The Discovery stage is where your prospect’s interest is piqued. They are curious about your company and products and want to learn more. In this stage, you are sharing valuable educational content related to your prospect’s problem or need. This stage occurs while you are qualifying your prospect, conducting initial meetings, and defining their needs.
Getting a clear understanding of the process can help you optimize your campaigns to ensure these leads come out the end of the funnel as customers. However, it would be important to note that each business have its unique processes and sales situations. Their actual lead generation funnel may differ slightly from what is presented here, but for general intents and purposes the following describes the basic and most common stages involved in the sales funnel.

Traffic sources. As you’ve probably noticed throughout this article, different traffic sources work better for different stages in the marketing funnel. Sometimes, however, a traffic source can surprise you, so it is a good idea to track how many people are entering your marketing funnel from each source and stage so that you can give your top sources more budget and attention.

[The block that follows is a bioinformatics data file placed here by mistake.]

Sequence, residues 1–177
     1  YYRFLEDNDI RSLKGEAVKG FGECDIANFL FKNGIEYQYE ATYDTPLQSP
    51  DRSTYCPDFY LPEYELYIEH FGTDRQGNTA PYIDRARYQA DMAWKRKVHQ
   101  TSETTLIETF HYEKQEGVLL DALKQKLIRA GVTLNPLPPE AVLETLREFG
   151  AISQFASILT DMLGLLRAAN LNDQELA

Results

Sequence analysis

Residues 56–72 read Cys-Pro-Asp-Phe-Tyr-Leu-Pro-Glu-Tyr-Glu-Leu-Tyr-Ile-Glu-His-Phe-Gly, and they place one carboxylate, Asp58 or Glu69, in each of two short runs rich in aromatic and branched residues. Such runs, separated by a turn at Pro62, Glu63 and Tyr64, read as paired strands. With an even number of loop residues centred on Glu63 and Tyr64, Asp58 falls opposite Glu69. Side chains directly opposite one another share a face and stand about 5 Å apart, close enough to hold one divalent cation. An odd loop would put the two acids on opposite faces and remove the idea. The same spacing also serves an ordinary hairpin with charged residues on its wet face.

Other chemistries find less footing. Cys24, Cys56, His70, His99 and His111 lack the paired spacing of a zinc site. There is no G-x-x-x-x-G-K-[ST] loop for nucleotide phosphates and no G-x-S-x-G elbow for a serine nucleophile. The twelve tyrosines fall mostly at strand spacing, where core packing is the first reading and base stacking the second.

But, given the volume of leads that fill your funnel, sales teams have a hard time converting leads into customers because they cannot discern the hot from the cold. This results in unqualified hot leads in the top of the funnel that either drop out due to slow response times, or remain stuck in the middle of the funnel, eventually becoming cold leads. For a business, this means missing out on golden ($) opportunities. And, that’s just one leak. There are more ways you lose leads in the sales funnel.
Market trends suggest the mismatch will only widen between customers’ actual experiences and the models of the funnel or Customer Decision Journey.  One key trend is the integration of marketing into the product itself.  The funnel presumes that marketing is separate from the product.  But for digital products like games, entertainment, and software-as-a-service, the marketing is built right into the product.  Examples include the iTunes store and Salesforce’s App Exchange.

However, there are even some who see the funnel as being split vertically, with both sales and marketing owning the full funnel. They argue that the sales people are increasingly becoming thought leaders to drive awareness by doing outbound outreach. In this scenario, both marketing and sales would work to nurture leads and prospects from awareness to purchase.
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